One GT of CH4 at 50 bar pressure (at around 0 celsius) would occupy about 24 km3, at 10 bar 140 km3, and at 1 bar (atmospheric pressure) about 1400 km3.

I wonder what volume of gas would be released from 7,000 pingos going poof ?
I wonder what sort of pressure free CH4 is at under the permafrost lid of the ESAS (and inside the pingos)?

I still think that a lot of additional CH4 is going to be released from the Arctic, but will it be tons, megatons, gigatons, and when?

David Archer provided the calculations (based on simple math and gas laws, not models) you're wondering about.  Once again, here's the link to his post where he provides his calculations:

http://www.realclimate.org/index.php/archives/2014/08/how-much-methane-came-out-of-that-hole-in-siberia/comment-page-3/

Based on the size of the crater and assuming that it was pressure from melting methane hydrates that caused the crater, the immediate release of methane from the eruption would have been 0.000003 Gt.  If 7,000 PLFs of the same size erupted next summer, they would release 0.021 Gt of methane from the eruption alone.  Some gas could continue to seep out from the sides of the crater after the eruption too.  If you double the amount, you still only end up with 0.042 Gt of methane.

According to the IPCC, global methane emissions in 2011, as reported in AR5 Chapter 6, were 556 Gt.  (Edit: should by 556 Mt, not Gt).

S&S calculated annual methane emissions from the ESAS based on their studies of 0.0179 Gt.  Other studies over different parts of the ESAS found lower amounts (0.0029 Gt).

There have been instances of abrupt climate change in the past.  It doesn't appear that methane emissions from the Arctic are going to cause an abrupt climate change in the next few decades, let alone next summer.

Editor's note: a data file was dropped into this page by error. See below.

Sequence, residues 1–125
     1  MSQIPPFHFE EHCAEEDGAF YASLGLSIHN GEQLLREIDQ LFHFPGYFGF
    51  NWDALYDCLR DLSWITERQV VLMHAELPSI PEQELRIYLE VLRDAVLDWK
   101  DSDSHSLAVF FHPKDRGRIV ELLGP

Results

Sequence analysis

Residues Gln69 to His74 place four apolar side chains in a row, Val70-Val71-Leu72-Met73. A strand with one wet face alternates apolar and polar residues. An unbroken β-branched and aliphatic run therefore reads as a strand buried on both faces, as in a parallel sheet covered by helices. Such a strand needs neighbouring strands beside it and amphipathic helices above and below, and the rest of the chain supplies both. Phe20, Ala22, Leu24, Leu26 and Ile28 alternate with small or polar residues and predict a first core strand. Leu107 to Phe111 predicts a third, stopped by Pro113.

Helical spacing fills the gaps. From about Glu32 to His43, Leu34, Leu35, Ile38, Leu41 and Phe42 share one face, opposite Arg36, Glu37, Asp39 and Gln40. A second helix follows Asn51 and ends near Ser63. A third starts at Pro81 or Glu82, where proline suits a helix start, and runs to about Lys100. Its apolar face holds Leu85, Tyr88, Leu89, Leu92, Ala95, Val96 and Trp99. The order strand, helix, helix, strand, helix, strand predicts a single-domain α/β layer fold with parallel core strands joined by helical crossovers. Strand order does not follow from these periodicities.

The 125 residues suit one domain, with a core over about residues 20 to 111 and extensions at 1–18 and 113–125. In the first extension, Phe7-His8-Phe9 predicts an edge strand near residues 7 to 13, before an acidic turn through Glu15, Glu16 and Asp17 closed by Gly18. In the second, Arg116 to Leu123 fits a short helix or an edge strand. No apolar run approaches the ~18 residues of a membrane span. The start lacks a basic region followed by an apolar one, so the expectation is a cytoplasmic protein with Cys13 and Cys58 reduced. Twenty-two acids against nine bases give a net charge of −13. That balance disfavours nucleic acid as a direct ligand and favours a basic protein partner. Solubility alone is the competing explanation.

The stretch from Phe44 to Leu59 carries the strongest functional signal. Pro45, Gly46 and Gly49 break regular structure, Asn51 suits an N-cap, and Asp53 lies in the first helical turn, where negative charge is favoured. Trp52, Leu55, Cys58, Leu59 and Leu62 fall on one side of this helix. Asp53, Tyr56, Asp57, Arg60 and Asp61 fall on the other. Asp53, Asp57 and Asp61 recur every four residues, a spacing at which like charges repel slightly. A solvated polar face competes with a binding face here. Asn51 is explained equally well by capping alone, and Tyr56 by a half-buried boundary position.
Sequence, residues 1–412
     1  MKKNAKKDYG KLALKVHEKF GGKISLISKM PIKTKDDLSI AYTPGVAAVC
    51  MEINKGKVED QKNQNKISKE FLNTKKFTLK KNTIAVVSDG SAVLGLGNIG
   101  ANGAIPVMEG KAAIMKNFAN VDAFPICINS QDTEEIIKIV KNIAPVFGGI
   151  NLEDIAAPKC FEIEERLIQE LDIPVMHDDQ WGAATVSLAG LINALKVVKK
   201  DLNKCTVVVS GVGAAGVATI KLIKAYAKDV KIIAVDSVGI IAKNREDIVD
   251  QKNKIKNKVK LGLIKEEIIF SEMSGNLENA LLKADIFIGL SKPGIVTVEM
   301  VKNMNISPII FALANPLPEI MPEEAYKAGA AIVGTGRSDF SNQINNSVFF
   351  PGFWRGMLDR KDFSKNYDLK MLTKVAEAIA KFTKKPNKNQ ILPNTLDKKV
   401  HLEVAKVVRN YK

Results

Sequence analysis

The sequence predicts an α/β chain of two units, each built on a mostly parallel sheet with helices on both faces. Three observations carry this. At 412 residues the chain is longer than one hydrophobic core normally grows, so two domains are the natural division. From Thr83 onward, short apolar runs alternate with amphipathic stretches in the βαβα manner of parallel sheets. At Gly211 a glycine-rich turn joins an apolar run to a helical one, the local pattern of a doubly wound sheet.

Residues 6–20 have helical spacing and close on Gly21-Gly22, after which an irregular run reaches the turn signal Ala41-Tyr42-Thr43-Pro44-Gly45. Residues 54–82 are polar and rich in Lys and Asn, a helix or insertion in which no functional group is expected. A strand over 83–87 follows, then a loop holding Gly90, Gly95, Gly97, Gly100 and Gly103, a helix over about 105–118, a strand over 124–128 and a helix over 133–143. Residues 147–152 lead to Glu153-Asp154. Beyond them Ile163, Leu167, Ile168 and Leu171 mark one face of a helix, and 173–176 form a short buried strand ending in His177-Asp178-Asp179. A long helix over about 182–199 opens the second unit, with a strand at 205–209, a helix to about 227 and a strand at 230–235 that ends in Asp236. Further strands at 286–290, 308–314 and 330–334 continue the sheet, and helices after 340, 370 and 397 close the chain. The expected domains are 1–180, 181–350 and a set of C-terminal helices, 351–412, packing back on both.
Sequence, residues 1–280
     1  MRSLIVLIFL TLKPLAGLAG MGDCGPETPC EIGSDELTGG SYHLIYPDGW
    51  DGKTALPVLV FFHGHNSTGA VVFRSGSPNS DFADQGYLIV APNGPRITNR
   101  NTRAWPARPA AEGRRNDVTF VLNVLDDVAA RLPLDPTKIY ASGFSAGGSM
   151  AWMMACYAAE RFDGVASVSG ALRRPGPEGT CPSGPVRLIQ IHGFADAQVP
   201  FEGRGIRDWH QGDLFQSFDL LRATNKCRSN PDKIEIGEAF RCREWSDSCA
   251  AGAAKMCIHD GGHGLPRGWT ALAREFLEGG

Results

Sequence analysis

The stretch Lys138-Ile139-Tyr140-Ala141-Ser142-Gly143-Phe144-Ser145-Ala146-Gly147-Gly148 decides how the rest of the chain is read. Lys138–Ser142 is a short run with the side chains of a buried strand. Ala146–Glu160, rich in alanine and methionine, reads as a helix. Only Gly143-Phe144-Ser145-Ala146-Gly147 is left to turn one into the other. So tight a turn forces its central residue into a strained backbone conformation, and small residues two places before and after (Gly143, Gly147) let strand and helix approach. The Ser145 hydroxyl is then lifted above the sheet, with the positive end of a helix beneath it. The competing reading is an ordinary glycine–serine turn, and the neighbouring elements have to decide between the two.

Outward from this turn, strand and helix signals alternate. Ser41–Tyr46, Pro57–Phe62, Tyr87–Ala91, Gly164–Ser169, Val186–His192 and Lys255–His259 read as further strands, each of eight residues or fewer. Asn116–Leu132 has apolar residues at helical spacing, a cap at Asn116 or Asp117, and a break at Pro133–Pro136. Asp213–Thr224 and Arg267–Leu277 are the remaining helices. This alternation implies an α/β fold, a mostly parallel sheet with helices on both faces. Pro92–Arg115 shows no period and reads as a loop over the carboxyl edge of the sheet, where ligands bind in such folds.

Edit, as Geroncrat reminded me below, global methane emissions are 555 million tons (Mt), not billion tons (Gt).
« Last Edit: December 08, 2018, 12:12:24 AM by Ken Feldman »

gerontocrat

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Re: Arctic Methane Release
« Reply #798 on: December 07, 2018, 09:18:08 PM »
According to the IPCC, global methane emissions in 2011, as reported in AR5 Chapter 6, were 556 Gt.

Surely Million Tons, not GT?
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Re: Arctic Methane Release
« Reply #799 on: December 07, 2018, 10:08:05 PM »
According to the IPCC, global methane emissions in 2011, as reported in AR5 Chapter 6, were 556 Gt.

Surely Million Tons, not GT?

Oops, you're right, total global methane emissions were 555 Million tons, not Billion tons.  I accidently confused it with the CO2 emissions, which were around 10 Billion tons per year in 2011.

7,000 Pingo Like Features on land erupting in the same year would be 2.9 million tons of methane, or about one-half of one percent of global emissions.


Link to AR5, Chapter 6:

http://www.climatechange2013.org/images/report/WG1AR5_Chapter06_FINAL.pdf

and to the full report here:

http://www.climatechange2013.org/report/full-report/